Sunday, July 25, 2010

The Apprenticeship of Duddy Kravitz

The Appreticeship of Duddy Kravitz by Mordecai Richler was written a number of years ago and describes a Montreal that has probably changed quite a bit. Richler depicts the Jewish community as insular, but changing. Shuls are being replaced by Reform Temples that eschew many of the more traditional customs.

Duddy attends a high school in a predominantly Jewish neighborhood. His career in high school is marked by a lack of interest and a penchant for troublemaking. From a young age Duddy wants to be successful and his interpretation of that is ownership of land and the making of money. His grandfather had once said that a man must own land and that becomes Duddy’s mantra. In order to obtain what he wants Duddy is not above employing nefarious means.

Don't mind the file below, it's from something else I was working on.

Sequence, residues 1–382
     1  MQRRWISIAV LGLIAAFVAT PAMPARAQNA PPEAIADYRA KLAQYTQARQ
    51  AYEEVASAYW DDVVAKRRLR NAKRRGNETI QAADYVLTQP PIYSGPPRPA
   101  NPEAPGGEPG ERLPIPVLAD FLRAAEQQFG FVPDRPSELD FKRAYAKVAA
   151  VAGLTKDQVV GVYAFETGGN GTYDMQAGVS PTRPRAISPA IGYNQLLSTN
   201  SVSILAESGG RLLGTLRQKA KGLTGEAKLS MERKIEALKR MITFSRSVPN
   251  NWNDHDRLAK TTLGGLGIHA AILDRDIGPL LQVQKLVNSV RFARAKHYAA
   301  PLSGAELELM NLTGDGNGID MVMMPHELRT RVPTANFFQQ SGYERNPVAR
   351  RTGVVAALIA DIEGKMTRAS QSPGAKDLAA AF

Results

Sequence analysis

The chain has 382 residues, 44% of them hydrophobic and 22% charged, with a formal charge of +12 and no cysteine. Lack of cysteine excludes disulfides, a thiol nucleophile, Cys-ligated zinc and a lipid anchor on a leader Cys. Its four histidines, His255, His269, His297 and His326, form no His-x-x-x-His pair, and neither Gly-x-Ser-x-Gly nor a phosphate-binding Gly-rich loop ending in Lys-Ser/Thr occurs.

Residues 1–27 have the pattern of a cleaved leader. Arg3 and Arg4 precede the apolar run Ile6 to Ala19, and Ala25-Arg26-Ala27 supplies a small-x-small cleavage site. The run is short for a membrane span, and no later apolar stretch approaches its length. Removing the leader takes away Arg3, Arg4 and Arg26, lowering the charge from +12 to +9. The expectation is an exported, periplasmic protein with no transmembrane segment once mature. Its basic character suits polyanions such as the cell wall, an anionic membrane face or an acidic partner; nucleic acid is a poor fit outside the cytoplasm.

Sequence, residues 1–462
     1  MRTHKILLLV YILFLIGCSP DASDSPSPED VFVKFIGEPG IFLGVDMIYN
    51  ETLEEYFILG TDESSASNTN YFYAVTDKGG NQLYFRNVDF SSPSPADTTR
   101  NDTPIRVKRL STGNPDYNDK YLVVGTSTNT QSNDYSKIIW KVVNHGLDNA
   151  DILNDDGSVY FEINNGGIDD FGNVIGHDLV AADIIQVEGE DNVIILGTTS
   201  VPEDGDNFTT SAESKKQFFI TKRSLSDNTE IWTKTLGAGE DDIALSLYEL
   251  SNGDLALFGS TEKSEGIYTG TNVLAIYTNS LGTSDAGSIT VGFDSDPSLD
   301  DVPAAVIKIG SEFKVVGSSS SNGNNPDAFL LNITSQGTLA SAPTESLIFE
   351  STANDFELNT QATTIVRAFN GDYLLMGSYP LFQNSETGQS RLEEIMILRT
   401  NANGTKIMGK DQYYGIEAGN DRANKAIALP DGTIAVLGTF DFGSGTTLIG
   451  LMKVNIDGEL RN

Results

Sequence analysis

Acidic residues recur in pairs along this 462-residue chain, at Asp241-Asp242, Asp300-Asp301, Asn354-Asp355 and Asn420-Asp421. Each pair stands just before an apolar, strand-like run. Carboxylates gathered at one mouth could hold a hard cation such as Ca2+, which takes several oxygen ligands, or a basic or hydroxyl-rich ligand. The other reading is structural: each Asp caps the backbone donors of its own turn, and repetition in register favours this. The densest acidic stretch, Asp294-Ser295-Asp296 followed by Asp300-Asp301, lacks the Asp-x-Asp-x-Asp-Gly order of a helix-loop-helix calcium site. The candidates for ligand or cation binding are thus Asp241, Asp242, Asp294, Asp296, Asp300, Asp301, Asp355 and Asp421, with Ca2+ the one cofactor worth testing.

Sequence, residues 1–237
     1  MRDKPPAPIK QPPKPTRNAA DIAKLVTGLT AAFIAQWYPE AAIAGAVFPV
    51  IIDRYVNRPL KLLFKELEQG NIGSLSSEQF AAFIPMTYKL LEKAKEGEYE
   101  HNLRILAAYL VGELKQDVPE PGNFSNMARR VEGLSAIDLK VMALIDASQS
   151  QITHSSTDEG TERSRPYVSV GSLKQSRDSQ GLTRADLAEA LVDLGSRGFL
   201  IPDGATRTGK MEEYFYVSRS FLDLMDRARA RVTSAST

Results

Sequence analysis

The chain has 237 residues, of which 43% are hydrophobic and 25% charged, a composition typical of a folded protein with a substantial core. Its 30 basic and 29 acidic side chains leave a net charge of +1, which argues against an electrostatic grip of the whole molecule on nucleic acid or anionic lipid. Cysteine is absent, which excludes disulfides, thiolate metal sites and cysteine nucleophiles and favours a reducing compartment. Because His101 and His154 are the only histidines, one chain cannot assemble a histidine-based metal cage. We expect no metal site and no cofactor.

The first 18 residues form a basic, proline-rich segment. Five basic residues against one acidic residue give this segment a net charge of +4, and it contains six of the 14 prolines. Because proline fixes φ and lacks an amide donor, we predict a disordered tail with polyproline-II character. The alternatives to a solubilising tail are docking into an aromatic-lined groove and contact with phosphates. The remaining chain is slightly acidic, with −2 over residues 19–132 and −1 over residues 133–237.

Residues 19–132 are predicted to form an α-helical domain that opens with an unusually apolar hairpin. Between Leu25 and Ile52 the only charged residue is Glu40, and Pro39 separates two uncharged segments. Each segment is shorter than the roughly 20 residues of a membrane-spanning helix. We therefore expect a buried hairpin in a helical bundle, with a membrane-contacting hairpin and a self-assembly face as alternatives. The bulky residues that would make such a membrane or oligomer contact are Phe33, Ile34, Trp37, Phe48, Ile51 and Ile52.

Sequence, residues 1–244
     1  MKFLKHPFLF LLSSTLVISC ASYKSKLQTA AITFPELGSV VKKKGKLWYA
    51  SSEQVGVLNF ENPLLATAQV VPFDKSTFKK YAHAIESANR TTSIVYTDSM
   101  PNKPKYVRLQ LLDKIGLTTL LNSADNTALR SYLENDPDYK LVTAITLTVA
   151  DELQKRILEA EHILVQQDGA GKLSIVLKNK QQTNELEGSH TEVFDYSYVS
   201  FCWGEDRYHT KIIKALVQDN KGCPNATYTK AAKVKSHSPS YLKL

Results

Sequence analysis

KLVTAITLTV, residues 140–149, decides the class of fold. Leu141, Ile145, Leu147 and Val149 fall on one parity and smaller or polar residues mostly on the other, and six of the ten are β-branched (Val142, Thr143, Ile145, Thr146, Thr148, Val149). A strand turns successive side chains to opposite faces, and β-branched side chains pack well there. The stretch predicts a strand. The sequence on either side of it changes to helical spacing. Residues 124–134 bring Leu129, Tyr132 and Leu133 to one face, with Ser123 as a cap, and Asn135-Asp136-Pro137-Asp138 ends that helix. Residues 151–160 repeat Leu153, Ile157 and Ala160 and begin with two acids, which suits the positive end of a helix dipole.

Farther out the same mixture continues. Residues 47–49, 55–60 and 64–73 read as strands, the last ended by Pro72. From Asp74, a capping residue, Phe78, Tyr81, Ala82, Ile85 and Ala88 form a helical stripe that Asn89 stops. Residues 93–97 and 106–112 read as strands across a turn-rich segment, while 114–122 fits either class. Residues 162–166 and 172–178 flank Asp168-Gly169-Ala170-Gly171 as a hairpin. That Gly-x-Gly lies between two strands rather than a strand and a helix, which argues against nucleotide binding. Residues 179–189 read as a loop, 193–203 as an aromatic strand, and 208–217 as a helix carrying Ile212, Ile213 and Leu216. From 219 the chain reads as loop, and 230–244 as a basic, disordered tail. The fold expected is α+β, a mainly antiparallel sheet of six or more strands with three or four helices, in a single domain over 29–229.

Richter populates his book with a host of quirky characters. I’ve heard people say that there is a great deal of humor in the book—perhaps, but I was put off by some of the stereotypes. I found it uncomfortable to read and really couldn’t find any character I liked.

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